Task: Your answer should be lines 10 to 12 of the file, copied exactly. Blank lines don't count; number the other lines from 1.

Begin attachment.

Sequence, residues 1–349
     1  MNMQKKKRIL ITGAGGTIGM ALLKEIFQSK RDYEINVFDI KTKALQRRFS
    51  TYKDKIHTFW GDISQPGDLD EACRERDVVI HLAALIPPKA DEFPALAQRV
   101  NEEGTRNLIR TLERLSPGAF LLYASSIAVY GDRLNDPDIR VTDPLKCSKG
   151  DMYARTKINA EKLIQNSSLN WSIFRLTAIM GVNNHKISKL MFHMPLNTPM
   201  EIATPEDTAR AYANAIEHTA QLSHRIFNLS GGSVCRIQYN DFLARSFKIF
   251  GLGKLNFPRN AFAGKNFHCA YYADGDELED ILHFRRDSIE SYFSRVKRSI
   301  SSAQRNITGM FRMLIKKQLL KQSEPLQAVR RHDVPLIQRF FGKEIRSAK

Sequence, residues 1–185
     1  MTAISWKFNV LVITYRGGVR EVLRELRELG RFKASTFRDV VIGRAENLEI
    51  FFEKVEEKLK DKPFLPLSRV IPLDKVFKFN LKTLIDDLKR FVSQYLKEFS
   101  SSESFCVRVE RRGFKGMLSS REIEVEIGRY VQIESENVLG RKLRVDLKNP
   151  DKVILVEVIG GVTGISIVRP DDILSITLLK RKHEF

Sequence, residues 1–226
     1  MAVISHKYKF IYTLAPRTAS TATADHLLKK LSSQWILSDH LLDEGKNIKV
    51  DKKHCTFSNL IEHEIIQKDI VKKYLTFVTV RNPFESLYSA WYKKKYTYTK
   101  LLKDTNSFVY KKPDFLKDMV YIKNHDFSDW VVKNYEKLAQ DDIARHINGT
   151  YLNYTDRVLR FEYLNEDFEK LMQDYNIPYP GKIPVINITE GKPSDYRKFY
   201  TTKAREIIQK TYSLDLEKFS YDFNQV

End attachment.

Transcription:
     1  MTAISWKFNV LVITYRGGVR EVLRELRELG RFKASTFRDV VIGRAENLEI
    51  FFEKVEEKLK DKPFLPLSRV IPLDKVFKFN LKTLIDDLKR FVSQYLKEFS
   101  SSESFCVRVE RRGFKGMLSS REIEVEIGRY VQIESENVLG RKLRVDLKNP